Gilchrist to bid farewell to Sydney Cricket Ground Sunday

March 1st, 2008 - 10:24 pm ICT by admin  

Sydney, Mar 1 (IANS) When Adam Gilchrist walks down at the Sydney Cricket Ground Sunday, memories of 15 years will come gushing in. After all, it is the same ground where Gilchrist made his first-class debut against New South Wales (NSW). It’s a historic occasion as the greatest wicketkeeper-batsman of them all is going back to where it all began. Gilchrist made his debut 15 years ago for NSW when Glenn McGrath was also unveiled and a young Ricky Ponting belted a century for Tasmania.

“I knew he was a hell of a talent. I was the coach of the Australian under-19s tour to England in ‘91, and Adam was on that tour,” NSW chairman of selectors Steve Bernard said.

“I came back and told the NSW selectors about him, and he’d been given the chance to play some games as a batsman, but Phil Emery was the No.1 keeper and the captain. We were facing an impossible circumstance,” Bernard was quoted as saying in Sydney Morning Herald.

Former NSW all-rounder Greg Matthews recalls: “I was a senior player at the time and I begged Brute (Bernard) to keep Gilly. We were having a beer at a pub in Paddington. I told Brute, ‘This Gilchrist guy is special’.”

Gilchrist’s NSW career was six matches - as a specialist batsman. Phil was the wicketkeeper. Gilchrist averaged only 28 before the phone call from came from Western Australia. He could hang around in Sydney, playing for Gordon while waiting for Emery to retire or lose favour, or go to Perth to fast-track his progress towards the national team.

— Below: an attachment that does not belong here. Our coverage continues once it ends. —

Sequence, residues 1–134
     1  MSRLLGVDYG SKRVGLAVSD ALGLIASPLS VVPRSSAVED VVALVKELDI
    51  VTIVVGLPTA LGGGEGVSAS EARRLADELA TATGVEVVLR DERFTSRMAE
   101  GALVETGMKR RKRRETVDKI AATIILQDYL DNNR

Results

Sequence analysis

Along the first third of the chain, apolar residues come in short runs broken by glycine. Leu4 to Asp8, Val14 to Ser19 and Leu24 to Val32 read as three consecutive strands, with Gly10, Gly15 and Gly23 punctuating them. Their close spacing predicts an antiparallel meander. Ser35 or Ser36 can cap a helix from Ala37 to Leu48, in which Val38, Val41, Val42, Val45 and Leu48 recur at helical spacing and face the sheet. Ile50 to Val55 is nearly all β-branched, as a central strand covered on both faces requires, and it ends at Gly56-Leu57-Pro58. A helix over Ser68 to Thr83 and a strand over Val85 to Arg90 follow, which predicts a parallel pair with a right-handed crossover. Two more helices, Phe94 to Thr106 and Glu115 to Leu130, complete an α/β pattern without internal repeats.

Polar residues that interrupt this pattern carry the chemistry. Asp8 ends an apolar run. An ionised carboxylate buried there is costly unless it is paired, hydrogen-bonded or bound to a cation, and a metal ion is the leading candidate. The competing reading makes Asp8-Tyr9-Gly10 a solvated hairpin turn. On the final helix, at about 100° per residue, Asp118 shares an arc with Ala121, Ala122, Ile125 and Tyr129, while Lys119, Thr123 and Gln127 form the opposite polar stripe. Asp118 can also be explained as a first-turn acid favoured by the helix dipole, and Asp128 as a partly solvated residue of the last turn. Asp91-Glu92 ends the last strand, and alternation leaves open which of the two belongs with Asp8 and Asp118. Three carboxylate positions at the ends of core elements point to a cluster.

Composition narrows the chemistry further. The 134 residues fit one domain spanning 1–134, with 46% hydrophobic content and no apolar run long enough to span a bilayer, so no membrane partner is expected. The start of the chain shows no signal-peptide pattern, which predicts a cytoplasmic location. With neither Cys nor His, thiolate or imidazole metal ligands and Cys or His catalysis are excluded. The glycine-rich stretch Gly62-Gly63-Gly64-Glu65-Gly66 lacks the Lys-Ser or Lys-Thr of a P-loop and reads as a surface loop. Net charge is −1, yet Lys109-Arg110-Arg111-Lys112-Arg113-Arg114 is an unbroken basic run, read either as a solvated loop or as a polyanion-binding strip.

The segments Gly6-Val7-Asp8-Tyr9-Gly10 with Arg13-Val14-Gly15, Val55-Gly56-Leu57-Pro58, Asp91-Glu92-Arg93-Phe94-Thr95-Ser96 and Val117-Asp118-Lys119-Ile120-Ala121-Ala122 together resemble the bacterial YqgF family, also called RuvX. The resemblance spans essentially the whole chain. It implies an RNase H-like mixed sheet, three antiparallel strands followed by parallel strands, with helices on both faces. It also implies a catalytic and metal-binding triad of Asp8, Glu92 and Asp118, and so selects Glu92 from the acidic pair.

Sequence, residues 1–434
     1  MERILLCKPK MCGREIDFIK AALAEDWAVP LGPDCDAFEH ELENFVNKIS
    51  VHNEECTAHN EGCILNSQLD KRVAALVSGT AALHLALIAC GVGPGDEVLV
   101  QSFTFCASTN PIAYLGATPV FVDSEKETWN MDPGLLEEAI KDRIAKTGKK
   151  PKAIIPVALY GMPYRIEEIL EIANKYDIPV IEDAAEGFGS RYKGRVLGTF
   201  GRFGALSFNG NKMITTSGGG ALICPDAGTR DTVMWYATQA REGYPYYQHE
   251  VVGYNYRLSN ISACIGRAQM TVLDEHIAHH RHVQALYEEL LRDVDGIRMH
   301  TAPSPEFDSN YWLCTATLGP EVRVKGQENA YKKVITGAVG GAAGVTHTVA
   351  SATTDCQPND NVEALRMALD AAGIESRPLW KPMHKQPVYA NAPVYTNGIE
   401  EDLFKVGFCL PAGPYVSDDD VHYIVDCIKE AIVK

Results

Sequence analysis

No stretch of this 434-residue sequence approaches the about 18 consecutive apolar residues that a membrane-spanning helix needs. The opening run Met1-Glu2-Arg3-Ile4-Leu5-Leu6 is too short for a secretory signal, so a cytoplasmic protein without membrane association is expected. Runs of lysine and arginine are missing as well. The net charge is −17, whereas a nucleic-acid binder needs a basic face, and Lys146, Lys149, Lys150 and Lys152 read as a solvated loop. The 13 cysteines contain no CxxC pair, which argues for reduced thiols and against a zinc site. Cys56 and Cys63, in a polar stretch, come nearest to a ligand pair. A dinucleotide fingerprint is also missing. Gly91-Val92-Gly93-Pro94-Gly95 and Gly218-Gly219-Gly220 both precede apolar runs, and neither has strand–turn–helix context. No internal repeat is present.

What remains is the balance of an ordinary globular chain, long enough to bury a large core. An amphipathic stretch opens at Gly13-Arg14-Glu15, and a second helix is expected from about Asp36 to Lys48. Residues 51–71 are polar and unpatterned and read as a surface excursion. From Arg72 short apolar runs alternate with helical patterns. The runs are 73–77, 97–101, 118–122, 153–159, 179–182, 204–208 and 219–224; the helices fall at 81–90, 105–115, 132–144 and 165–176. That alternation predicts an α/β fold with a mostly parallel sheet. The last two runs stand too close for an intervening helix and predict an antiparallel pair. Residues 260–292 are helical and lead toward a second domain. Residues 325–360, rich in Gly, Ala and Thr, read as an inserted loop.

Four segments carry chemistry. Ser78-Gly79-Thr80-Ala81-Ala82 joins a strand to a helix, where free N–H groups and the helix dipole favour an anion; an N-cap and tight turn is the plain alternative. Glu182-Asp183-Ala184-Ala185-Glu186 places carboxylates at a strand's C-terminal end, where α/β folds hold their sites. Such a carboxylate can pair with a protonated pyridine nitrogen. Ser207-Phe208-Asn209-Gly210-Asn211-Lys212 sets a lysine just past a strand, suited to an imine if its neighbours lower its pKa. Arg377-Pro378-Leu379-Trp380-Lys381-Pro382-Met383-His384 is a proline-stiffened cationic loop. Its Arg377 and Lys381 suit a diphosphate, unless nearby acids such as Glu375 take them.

“I was asked as the chairman to make a decision, and it’s a decision I’ll always be comfortable with because it was made in Adam’s best interests,” Bernard said.

“The question was whether we were going to replace Phil with Adam, and the answer was no. For Adam’s development as a potential Australian player, going to Western Australia was the best thing for him to do. I thought, as chairman of selectors, there was no point in being dog-in-the-manger about it and trying to hang on to him. History has shown it was the best thing that could have happened to him, and the best thing that could have happened for Australian cricket.

Gilchrist’s first NSW match was forgettable. While McGrath stormed onto the first-class scene with 5-79 off 30 overs, and an 18-year-old Ponting cracked 125, Gilchrist batted at No.7 and made 16 before being trapped lbw by Tasmanian Shaun Young.

The SCG should be packed Sunday night. Not because it’s the first final of the tri-series between Australia and India, but because Adam Craig Gilchrist will never play here again.

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